5.3.4 Literature and libraries
A set of three important laws was adopted in 2011 – Law on Library and Information Sector (SG RS 52/11), Law on Legal Deposit of Publications (SG RS 52/11) and Law on Old and Rare Library Materials (SG RS 52/11).
The Law on Rare Library Materials introduces the obligation of professional care of old and rare library materials for all the owners of these movable cultural artefacts, not just for libraries and institutions. The circle of libraries that are in the process of effective protection of old and rare library materials, which until now included only the National Library of Serbia and Matica Srpska Library as depository libraries, is now widened. The Law was updated from the standpoint of the need for encouraging the use of new technologies in the field of old and rare library materials, especially information technologies and digitalisation. Criteria for assessment of old and rare library materials are introduced, as well as the right of the private owner of the materials to request a free expert advice on old and rare library materials.
Law on Library and Information sector recognises the need to foster the application of new technologies in library services, especially information technologies and digitalisation, which was not regulated until this Law was adopted. This Law regulates the establishment of the National Centre for shared cataloguing, as a vital institutional and functional form of fulfilling of the obligations of complete records of everything that is in the libraries on the one hand, and the rights of all citizens to unrestricted access to information, knowledge and cultural values. With this Law, forms of library materials formed on the basis of new technologies, such as electronic, combined and multimedia publications and computer programmes used by the public are officially recognised for the first time.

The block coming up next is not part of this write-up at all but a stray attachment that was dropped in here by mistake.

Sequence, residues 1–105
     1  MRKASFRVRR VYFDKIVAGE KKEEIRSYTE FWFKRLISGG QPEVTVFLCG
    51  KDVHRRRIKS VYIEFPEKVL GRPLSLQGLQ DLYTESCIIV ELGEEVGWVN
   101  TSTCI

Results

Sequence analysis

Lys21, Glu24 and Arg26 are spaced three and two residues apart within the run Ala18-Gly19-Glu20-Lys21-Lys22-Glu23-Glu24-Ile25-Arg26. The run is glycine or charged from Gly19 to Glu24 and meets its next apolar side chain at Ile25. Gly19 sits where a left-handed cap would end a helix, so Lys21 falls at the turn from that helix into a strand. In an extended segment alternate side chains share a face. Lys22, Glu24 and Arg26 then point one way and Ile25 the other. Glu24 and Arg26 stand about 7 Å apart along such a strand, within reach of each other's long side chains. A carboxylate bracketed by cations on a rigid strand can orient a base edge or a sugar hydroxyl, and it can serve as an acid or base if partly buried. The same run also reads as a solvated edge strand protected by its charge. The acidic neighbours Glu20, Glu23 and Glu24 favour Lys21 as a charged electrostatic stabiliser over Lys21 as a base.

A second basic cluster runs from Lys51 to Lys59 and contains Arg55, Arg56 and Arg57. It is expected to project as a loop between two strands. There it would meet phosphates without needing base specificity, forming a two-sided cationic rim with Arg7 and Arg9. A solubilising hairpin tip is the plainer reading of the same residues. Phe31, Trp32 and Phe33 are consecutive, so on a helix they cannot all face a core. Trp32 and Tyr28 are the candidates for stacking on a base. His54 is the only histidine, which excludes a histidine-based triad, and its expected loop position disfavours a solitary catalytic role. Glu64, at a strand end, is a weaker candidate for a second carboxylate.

The Law on legal deposit of publications is intended to achieve the public interest of preservation, archiving and full access to the entire publishing production in Serbia and in the Serbian language anywhere in the world. The novelty is the passing of the obligation of mandatory submission of the copies from the printers to the publishers. The number of copies required is halved (5 instead of 10); a mandatory copy in electronic form is introduced, all forms of traditional print publishing and all forms of digital publishing are equally treated, including Internet, within the Serbian domain.
The Parliament, at the request of The Ministry of Culture, approved the amendment to the Law on Publishing through urgent parliamentary procedure, recognising the National Library as the only state agency for delivering four international publication numbers: ISBN, ISSN, ISMN and DOI. The new Law on Publishing is in the final draft phase, with the most important change being the introduction of the National Book Centre. The main aim of the Law is to take responsibility for strategic decisions concerning publishing procedures and protection of the national publishing industry. Although it in the final stage, it is still not clear when it can be expected in the final Parliamentary procedure.